Your response stresses that the MinuteClinic physician's assurance that the clinics did not replace primary care was enough because it made clear that patients still needed a "physician-patient relationship." This suggests that you have not yet grasped the key points that NPs provide comprehensive primary care that research has shown is at least as good as that of physicians, that NPs have no need for physician "supervision," and that most patients do not need any regular primary care "relationship" with a physician. We note that Dr. Hill seems to be pursuing a national program of using quick clinic press pieces as a vehicle to bolster the dangerous (but lucrative) illusion that physicians should and do control all health care (e.g. a recent piece in the Atlanta Journal Constitution). But many thousands of highly educated nurses and their patients do not agree that NPs require physician supervision.
In our view, it is unacceptable to include harsh criticisms of an entire professional class--including comments by the the main group representing their competitors--and offer no response from that class. Would you do a piece about physician care and include comment from nurses, but no physicians? Perhaps it surprises you to hear that physicians are not qualified by themselves to provide balance in every health care piece. Perhaps you are not aware that physicians do not train, license, regulate, or professionally manage nurses, social workers, or other autonomous health professionals. Perhaps you did not know that NPs, who have master's or doctoral degrees, have professional associations (see AANP and ACNP) whose representatives would be very willing and able to counter the disinformation presented in your piece. The fact that organizations like NBC News seem oblivious to all this is a major reason that the Center for Nursing Advocacy exists.
Your segment wandered into part of a much larger debate among nurses, physicians and others over the scope of NP practice, a debate that is playing out across the nation and around the world. We think you owe it to the public to be aware of such issues, and not to allow yourselves to be used by one side to pursue its agenda. It is ironic that the piece associates NPs with "quick care" and a lack of diagnostic ability, since NPs generally spend far more time with patients than most "in-and-out" primary care physicians, and some feel that the NPs are thus more likely to discover key underlying health conditions.
You suggest that the segment's indication that some patients like quick clinic care and its portrayal of an NP giving a flu shot somehow proves that the piece could not have been "critical" of NPs. That is absurd. The piece clearly suggests that NP care is very limited and possibly unsafe in the absence of direct physician supervision. Would you say that our inclusion in this letter of some praise for your response to our campaign means that the letter as a whole is not "critical" of NBC News?
We're glad that you got our reference to "Fast, Cheap, & Out of Control." However, our main goal in alluding to Mr. Morris' film was not to suggest that its title described the "Today" segment (we'll resist the urge to design an apt title for the segment). Instead, we were suggesting that the segment left its six million viewers with the impression that NP care was fast, cheap, and out of control. That is an impression that over 110,000 NPs and millions of other registered nurses look forward to seeing you correct as soon as possible.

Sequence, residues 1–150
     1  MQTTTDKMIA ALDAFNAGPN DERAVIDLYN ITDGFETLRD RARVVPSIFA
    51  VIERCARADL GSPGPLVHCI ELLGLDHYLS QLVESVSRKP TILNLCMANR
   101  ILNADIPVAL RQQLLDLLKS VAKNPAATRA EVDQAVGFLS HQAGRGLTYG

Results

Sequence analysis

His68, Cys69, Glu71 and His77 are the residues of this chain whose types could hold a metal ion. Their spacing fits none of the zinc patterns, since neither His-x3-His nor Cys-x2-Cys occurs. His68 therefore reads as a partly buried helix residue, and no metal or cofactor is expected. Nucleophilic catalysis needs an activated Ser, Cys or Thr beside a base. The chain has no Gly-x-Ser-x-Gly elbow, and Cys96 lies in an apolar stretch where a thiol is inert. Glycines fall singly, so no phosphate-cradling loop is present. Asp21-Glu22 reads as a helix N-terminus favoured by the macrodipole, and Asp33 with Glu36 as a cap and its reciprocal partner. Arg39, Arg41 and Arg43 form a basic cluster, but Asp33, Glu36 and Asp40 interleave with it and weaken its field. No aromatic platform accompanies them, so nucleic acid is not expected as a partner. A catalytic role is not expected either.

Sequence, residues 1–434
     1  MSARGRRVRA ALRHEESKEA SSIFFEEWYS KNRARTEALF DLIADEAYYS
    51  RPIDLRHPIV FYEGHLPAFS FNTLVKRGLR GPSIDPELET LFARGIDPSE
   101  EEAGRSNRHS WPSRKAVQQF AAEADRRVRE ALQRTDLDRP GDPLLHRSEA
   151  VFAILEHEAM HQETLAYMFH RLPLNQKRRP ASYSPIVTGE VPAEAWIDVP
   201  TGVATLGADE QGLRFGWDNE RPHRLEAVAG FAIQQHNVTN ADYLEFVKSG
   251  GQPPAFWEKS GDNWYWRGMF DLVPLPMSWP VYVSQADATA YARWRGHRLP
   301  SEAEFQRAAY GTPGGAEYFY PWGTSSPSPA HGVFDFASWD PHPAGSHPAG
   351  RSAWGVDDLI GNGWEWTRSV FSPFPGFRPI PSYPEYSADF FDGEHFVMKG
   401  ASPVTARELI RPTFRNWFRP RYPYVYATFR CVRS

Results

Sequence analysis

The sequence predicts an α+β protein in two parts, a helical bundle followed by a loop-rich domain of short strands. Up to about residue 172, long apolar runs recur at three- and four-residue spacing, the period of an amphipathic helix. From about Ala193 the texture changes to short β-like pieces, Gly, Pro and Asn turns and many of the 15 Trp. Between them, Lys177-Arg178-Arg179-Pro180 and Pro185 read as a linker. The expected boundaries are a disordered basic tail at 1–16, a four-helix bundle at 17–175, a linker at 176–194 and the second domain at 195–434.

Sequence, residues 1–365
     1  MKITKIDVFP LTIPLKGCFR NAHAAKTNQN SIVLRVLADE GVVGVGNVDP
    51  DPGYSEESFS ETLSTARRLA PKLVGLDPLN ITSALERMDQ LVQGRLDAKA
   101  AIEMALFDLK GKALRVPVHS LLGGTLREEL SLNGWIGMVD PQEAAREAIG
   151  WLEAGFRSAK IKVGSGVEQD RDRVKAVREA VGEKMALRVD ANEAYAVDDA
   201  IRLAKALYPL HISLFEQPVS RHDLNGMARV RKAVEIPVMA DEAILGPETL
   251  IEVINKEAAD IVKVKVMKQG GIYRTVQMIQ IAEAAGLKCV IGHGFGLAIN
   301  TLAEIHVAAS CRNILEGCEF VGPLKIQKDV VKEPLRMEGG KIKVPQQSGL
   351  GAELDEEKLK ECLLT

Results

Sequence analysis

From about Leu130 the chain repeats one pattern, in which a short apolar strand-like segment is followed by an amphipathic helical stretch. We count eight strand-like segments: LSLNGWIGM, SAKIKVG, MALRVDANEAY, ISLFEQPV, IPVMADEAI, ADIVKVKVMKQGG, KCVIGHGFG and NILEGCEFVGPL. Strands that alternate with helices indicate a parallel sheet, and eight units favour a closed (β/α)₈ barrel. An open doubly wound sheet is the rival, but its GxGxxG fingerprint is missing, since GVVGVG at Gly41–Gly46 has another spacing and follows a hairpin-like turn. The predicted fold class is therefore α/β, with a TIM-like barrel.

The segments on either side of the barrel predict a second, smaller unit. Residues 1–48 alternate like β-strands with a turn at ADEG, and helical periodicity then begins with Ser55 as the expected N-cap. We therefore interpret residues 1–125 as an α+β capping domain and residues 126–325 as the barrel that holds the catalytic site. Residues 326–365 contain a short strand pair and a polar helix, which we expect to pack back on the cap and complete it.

To that end, we are very pleased to have the opportunity to work with "Today" show producers going forward to present viewers with an accurate and balanced picture of the role of nurses in the health care team, and their efforts to improve health. And we commend you for your willingness to work with nursing organizations to strengthen your coverage.
Thank you again for your substantive response to our concerns.
Sandy Summers, RN, MSN, MPH
Executive Director, Center for Nursing Advocacy
We are ending our "Today" show campaign as to NBC (but not AMA). We are doing so mainly because show producers, in contrast to most of their television colleagues, have agreed to work with nurses going forward to present a more accurate and balanced view of nursing. We have put together a working group of nursing organizations and a few schools, and the group plans to float story ideas to the "Today" show on an ongoing basis. Please let us know if you, as a representative of your organization, would like to participate in this group.
Please also join our campaign to start a conversation with the AMA about how we can work together to present a more accurate view of NP care. AMA president Edward Hill has refused to speak with the Center on the telephone. And to our knowledge the AMA has not responded to any of the 3700+ emails it has received regarding Dr. Hill's unfounded comments on the "Today" show. On the contrary, Dr. Hill apparently continues to provide such comments to the mainstream media, which, sadly, continues to do pieces on quick clinics with no NP input. Dr. Hill is quoted in a December 6, 2005 Atlanta Journal Constitution quick clinic piece as questioning the ability of NPs to diagnose even one of the most common of conditions--a heart attack. Such uninformed, paternalistic statements must end if the nursing image is to improve. One result of the public's lack of understanding of nursing is that the profession cannot obtain the resources it needs to educate and support nurses.
Ask Dr. Hill to speak with you, or the Truth, so that we can explain why his comments damage nursing and public health, and explore how we might work together to resolve the nursing shortage.